The game could benefit from a touch more content, but what's included is enough to channel a hearty does of nostalgia from a variety of late 90's arcade racers.

The more we played SkyDrift, the more we came to the conclusion that its like Hyrdo Thunder in the sky. Hydro Thunder crossed with Mario Kart to be precise.

Despite popping onto PlayStation Network with little more than a press release to confirm its launch, SkyDrift definitely deserves much more attention than its getting. It's a speedy, attractive and, most importantly, enjoyable airborne racer that sees you competing in sky-bound Grand Prixs against a variety of unique aeroplane archetypes.

Don't let the game's splash image fool you. It might look like the driest flight simulator since the one Microsoft released for Windows 95, but this is an all-out action arcade racer instead. "If you can't overtake them," so the game's mantra goes, "Shoot them."

And shoot them you will, with a variety of power-ups scattered across each and every aerial race-track. Rockets, machine guns, mines and more all make up the game's arsenal — with each offensive weapon having a defensive alternative. You'll need to learn the power-ups in order to compete, adapting your strategy depending on your position in the pack. By allowing you to carry two different power-ups at once, SkyDrift gives you the option to make tactical decisions about your arsenal.

The game is hinged on the ideals of risk/reward. For example you can absorb power-ups for additional boost, or stock them until they come in necessary. What's more, reckless driving — such as hugging the ground — rewards you with boost, but also increases the possibility of a crash. Whether you decide to play it safe and sacrifice boost is up to you.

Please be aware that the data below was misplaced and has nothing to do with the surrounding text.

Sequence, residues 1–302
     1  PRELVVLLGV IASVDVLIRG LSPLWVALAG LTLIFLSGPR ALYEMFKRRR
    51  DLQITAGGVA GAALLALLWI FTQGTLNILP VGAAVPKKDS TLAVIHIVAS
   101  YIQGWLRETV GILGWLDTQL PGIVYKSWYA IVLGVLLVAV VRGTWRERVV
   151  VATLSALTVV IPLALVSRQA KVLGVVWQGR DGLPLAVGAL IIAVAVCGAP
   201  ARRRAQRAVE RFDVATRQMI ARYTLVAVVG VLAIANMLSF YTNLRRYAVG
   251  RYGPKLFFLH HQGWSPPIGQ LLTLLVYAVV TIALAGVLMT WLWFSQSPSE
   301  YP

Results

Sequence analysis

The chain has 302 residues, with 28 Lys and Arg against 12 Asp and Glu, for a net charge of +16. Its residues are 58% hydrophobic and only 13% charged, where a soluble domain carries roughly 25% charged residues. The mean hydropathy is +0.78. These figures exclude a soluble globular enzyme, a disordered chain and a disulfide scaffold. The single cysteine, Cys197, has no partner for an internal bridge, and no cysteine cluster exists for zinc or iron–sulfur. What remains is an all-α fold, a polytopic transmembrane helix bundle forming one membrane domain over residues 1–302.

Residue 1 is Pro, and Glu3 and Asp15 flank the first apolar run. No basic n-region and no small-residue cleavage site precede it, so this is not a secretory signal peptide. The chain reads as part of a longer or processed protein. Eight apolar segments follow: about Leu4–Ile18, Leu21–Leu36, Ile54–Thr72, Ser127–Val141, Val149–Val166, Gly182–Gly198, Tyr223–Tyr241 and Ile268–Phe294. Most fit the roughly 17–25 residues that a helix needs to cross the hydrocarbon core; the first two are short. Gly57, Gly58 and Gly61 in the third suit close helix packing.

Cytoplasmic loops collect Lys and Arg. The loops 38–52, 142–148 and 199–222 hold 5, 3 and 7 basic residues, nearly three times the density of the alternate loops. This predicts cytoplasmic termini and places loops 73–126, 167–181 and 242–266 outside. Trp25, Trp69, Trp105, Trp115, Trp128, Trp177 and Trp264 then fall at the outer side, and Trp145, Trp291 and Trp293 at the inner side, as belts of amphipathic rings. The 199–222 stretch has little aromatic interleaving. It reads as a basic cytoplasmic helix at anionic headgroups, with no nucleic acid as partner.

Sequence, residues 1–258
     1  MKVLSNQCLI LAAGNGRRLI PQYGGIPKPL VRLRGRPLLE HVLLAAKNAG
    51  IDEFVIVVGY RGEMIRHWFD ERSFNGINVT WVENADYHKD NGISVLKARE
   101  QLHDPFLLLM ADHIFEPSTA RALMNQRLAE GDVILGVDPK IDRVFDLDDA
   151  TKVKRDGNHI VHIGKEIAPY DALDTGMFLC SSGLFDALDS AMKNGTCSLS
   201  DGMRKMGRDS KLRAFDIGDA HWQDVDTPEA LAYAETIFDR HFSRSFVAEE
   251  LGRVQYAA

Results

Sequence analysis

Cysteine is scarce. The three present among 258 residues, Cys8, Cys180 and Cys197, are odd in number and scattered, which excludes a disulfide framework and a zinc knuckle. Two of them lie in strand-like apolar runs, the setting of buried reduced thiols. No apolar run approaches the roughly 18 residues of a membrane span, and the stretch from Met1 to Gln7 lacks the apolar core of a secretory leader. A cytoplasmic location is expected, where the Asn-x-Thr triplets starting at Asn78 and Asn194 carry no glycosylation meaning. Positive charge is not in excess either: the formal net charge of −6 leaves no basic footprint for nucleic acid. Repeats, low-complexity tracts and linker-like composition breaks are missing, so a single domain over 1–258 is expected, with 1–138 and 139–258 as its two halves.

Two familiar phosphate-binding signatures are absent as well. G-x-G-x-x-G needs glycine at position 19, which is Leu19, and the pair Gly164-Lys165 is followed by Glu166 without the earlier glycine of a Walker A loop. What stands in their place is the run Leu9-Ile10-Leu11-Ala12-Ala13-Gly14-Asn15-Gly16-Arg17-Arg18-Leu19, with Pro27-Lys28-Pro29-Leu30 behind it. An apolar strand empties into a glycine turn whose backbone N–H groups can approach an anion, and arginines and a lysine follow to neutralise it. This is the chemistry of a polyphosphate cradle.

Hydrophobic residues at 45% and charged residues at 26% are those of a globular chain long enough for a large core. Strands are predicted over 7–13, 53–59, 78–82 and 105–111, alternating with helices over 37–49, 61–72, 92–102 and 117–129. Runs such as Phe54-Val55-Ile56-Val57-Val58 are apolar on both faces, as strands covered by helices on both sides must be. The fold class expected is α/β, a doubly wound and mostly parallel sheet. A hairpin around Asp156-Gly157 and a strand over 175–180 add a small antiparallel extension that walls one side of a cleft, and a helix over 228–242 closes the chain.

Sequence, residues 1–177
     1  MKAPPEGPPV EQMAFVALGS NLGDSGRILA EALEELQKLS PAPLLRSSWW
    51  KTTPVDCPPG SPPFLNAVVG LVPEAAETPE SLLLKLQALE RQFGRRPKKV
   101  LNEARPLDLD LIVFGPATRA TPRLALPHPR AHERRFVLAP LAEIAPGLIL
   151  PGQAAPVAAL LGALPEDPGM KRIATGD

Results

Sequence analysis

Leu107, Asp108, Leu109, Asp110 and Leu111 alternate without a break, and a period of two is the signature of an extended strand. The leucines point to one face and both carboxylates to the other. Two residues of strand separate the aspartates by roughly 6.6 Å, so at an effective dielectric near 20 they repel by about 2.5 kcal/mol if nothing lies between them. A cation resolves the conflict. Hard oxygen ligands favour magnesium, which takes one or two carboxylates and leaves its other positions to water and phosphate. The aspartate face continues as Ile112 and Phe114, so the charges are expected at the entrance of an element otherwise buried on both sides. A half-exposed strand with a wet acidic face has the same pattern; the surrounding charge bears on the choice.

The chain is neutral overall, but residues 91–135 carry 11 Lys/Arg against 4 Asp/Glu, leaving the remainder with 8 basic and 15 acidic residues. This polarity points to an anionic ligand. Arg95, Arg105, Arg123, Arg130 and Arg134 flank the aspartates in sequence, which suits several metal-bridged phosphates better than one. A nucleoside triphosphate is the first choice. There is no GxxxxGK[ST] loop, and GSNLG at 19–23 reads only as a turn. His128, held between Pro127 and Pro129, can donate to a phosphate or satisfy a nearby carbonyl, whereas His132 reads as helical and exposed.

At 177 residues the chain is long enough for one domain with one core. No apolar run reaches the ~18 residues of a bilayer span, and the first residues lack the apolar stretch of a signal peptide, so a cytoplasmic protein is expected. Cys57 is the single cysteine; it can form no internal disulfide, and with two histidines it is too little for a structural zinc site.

If you choose to stock your power-ups, you might get the opportunity to level them up. Collecting two or more of the same power-up significantly ups its power, adding further depth to the game's combat mechanics.

But despite the depth of the game's mechanics, SkyDrift is actually a rather simple game to play. Pitching your plane can be done easily with the left analogue stick, with the right analogue stick being used to push your plane more sharply around corners. The track design includes short-cuts for nifty pilots, allowing you to shuffle inbetween tight gaps by twisting your craft vertically, rewarding you with a well-deserved boost bonus for your efforts.

The game looks fantastic too. We referenced Hydro Thunder earlier in the review largely because SkyDrift has a similar look. Great canyons, huge waterfalls, splashing waves and blue skies. The game oozes late-90s arcade magic and has the soft-rock™ guitar soundtrack to back it up.

Sadly the game's a touch short on content, with just six tracks to choose from (reverse versions don't count) and a campaign that can be finished in a couple of hours. A host of unlocks, badges and medals afford the game some replay value, but we would have preferred a couple more tracks and aircrafts to keep things feeling fresh.

A multiplayer component helps to flesh out the package, but, as with many multiplayer PSN titles, we found a disappointing number of players participating. When you can get into a game the action is fun and efficient, but without a ranking mechanic it can feel a touch bare-bones.


But quibbles aside, SkyDrift is an intense and enjoyable arcade racer. If you're the type of player that can't get enough arcade racing action, you'll want to pick this up immediately.